Sunday, November 30, 2008

20081130 Sight from Indoor

Jupiter and Venus came very close to each others, and the thin crescent moon was nearby. What a sight!

Taken with a Canon 450D, Canon 50mm f/1.8, Canon 200mm f2.8L, Kenko 2x, Gitzo G106 with Manfrotto 410 head.

20081130 Sun

Seeing 3/10, transparency 8/10.

Telescope: Borg 45ED II
Filter: Coronado Solarmax 40 with BF10
Mount: Meade LXD55
Camera: DMK 31AF03.AS

1420 (GMT+8):-

1421 (GMT+8):-

Thursday, November 27, 2008

Canon 400mm f5.6L

This lens is small and portable, and it has superb quality even in an astronomical standard at wide open aperture.

In terms of versatility especially when daily photography is concerned, the Canon 100-400mm f4.5-5.6L might have an edge. The quality of the zoom is also very high, but it's not exactly "astronomically" high. Some reported that there could be internal reflection in extreme condition like the diamond ring before/after a totality.

Therefore, if astronomy performance is the prime concern, the prime lens will be better, and the prime lens is also cheaper as well.

Sunday, November 23, 2008

20081123 Sun

Seeing like 5/10, transparency 4/10.

Telescope: Borg 45ED II
Filter: Coronado Solarmax 40 with BF10
Camera: DMK 31AF03.AS
Mount: LXD55 on Gitzo G1415

The sun remained rather silent, but there's still some activities around.

1524 (GMT+8):-

1525 (GMT+8):-

1529 (GMT+8), close up with 2x barlows:-

Friday, November 21, 2008

20081121 Sun

That worm yesterday was gone apparently, but after processing it can still be seen. Seeing 3/10, transparency 4/10. This is an equipment day, I have more time than I usally have to play around. First up is my regular setup, i.e. Borg 45ED II with Solarmax 40 and BF10. Next is my C5 PST setup, and then I went back to my regular setup plus double stacked with the PST etalon.

First two are taken with my Borg 45ED II, Solarmax 40 and BF10, DMK 31AF03:-

1353 (GMT+8):-

1354 (GMT+8):-

Next three are taken with my Cheapy-ERF/C5/PST/BF10 setup, first is a close up of the small prominence, 1409 (GMT+8), everything looked big with 1250mm:-

And even tiny active regions (no number) can be shown quite nicely, 1417 (GMT+8):-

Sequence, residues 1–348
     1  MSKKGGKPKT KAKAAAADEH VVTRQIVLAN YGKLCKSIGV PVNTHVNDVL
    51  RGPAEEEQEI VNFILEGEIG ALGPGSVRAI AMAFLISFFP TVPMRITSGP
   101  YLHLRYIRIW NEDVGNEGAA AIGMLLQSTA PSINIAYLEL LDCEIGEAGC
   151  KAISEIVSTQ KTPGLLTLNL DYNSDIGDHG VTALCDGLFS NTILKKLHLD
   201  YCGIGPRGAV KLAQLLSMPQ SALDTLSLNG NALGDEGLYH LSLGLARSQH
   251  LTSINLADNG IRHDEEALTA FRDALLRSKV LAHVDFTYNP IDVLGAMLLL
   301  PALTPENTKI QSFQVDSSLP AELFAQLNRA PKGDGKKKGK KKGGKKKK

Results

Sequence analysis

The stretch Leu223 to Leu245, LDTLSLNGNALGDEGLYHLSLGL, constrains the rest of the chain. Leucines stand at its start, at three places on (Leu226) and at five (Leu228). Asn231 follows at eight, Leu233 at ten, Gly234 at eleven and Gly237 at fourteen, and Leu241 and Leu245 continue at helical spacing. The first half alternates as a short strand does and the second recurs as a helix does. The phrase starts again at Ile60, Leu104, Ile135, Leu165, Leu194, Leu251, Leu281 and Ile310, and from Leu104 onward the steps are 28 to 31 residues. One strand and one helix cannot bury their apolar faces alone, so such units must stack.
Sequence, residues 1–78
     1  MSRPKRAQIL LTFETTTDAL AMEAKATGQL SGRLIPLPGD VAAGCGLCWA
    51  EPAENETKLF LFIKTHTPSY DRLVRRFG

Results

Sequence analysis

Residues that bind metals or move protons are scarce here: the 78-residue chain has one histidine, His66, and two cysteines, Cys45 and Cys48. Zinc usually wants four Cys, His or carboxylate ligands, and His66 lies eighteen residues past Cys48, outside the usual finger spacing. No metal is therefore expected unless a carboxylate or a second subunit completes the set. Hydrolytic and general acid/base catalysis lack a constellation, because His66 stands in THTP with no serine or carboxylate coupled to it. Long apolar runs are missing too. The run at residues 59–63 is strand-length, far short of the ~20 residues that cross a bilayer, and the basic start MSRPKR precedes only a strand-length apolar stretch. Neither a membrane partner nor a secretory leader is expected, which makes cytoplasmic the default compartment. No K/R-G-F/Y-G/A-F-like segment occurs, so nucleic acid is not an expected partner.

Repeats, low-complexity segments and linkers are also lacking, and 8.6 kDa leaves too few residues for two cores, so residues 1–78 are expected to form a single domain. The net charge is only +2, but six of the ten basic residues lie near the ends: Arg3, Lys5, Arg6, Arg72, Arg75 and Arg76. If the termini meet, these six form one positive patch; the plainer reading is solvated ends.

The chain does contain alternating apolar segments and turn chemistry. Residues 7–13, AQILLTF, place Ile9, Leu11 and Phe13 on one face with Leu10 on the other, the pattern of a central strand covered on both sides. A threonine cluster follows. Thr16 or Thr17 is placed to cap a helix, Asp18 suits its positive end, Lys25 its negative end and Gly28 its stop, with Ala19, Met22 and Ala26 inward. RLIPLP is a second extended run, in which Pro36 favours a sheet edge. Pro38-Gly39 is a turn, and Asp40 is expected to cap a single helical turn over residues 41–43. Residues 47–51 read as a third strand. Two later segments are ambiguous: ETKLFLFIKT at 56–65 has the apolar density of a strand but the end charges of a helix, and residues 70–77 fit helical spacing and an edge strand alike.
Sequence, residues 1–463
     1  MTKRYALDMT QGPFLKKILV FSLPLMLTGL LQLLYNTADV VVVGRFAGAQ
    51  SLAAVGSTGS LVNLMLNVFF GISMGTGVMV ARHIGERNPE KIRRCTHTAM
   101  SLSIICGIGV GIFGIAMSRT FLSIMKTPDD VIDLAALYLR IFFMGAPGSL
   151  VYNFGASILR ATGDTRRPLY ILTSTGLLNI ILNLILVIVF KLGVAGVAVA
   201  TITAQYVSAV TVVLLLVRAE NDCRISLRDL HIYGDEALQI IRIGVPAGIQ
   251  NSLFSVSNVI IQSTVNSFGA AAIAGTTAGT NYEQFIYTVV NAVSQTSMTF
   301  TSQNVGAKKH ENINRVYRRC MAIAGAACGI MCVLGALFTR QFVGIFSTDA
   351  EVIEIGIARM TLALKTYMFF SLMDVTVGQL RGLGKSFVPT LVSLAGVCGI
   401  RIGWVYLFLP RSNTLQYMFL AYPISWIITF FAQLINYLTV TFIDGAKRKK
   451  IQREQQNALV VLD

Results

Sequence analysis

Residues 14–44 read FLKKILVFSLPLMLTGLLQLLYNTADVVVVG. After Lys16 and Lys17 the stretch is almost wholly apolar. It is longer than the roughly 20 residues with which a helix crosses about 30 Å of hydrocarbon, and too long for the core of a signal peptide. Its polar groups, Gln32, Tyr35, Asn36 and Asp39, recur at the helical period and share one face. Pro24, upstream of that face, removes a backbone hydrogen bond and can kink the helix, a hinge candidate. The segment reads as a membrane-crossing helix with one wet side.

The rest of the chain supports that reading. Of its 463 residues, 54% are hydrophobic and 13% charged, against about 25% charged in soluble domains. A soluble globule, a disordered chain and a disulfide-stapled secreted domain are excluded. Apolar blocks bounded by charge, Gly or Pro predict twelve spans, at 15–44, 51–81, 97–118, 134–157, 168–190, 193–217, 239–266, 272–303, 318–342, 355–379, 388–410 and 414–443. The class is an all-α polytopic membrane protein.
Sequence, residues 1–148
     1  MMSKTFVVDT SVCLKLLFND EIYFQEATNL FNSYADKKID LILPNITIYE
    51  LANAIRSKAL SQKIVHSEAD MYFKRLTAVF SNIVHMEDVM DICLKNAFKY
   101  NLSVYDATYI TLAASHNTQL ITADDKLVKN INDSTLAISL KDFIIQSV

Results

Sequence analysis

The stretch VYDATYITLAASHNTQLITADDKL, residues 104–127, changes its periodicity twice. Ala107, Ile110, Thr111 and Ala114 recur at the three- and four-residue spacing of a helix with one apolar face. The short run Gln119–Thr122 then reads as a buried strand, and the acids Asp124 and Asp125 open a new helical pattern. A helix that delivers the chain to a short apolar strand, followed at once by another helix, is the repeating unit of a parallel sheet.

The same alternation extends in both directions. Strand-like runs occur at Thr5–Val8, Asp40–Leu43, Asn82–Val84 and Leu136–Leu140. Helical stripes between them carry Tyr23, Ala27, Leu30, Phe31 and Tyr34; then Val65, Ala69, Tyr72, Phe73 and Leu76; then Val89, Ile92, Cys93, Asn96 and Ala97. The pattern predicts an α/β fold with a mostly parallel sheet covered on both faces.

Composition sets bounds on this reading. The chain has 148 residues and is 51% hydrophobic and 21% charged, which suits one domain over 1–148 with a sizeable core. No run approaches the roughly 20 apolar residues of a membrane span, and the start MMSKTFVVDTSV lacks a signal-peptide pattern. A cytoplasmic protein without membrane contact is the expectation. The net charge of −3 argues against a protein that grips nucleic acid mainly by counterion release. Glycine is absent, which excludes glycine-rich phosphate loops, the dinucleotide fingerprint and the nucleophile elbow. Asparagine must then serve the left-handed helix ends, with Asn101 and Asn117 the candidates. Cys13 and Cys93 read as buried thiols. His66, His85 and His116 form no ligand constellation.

Some surface detail near that small prominences, 1419 (GMT+8):-

A short clip taken with the C5/PST to show how poor the day time seeing was at 1250mm! The contrast is no good for this one, but you could see glimpse some dim prominences here:-

Time to try out double stacking, it's a Borg 45ED II setup, with Solarmax 40 and BF10 as usual, but the PST etalon is also installed, taken at 1427 (GMT+8):-

1428 (GMT+8):-

I guess I will need to pay more time to fine tune the two etalons, this time I basically kick out the internal reflection rather than maximizing the contrast and minimizing the uneven illumination.

Thursday, November 20, 2008

20081120 Sun

Soon after taking the moon, the sun comes! Seeing is now very poor at 2/10, transparency like 4/10.

Telescope: Borg 45ED II
Camera: DMK 31AF03
Mount: Meade LXD55
Filter: Solarmax 40 with BF10

We got a small worm like structure (active region?) in the middle of the solar disc, I have a close up with a 2x barlows.

1133 (GMT+8):-

1134 (GMT+8):-

1138 (GMT+8), close up of the "worm like" structure:-

20081120 Moon (day time)

Yesterday was the last day of my job, so before I begin my new job on the next Monday, I've two days off. I took these after bringing the kids to schools.

Telescope: Borg 45ED II

Camera: Canon 450D

Mount: Gitzo G106 (camera tripod without tracking)

0949 (GMT+8), longer exposure:-

0950 (GMT+8), shorter exposure:-

On reading the histogram, the signals are stucked in a very narrow part due to the poor day time contrast, so exposure does not really matter. However, it's always nice to use slightly longer exposure to minimize the effect of bias.

Saturday, November 15, 2008

20081115 Sun

Seeing 5/10, transparency 5/10.

Telescope: Borg 45ED II
Filter: Solarmax 40 with BF10
Camera: DMK 31AF03.AS
Mount: Meade LXD55

I tried to do one set without tuning T-max, and the field is more "homogeneous".

1321 (GMT+8):-

1322 (GMT+8):-

And then I tried to do another one set after tuning T-max (my usual practice):-

1323 (GMT+8):-

1324 (GMT+8):-

Finally, another closeup made with a Tele Vue 3x barlows.

1327 (GMT+8), actually, I wanted to use a 2x, but my hand touched the 3x first and so... being lazy, I used the 3x:-


Tele Vue 3x barlows with a 16mm Tele Vue Nagler Type 6. The solar disc can just fit into the view, with nearly no black sky surrounding the red disc. Prominence can be seen even at the very edge of such a wide field. Very nice indeed.

Thursday, November 13, 2008

20081113 Sun

I was on leave this afternoon, and I managed to get back home at around 1430 (GMT+8). The sun was sinking very low, and I knew that I had only around 10 minutes to capture the sun before it was blocked by a distant building.

I was right, and during the capturing of the first clip, it was blocked only after around 230 frames. AR1008 was there, together with a few QRF, and short prominences around the disc.

The short clip:-

20081113 Moon, M42, etc

In the mid-night I woke up, without looking at the clock, I looked out from the windows. I saw quite a lot of stars (just around 20 at most!!!) and this is a very rare scene here in Hong Kong, especially inside the urban center. Most people were sleeping with their light off, and the monsoon was blowing to clear up the dust in air, that created a unique opportunity. But at this kind of weird hours, it's hard to keep up especially when you have to work on the next day.

Anyway, I told myself, why not just have a short look?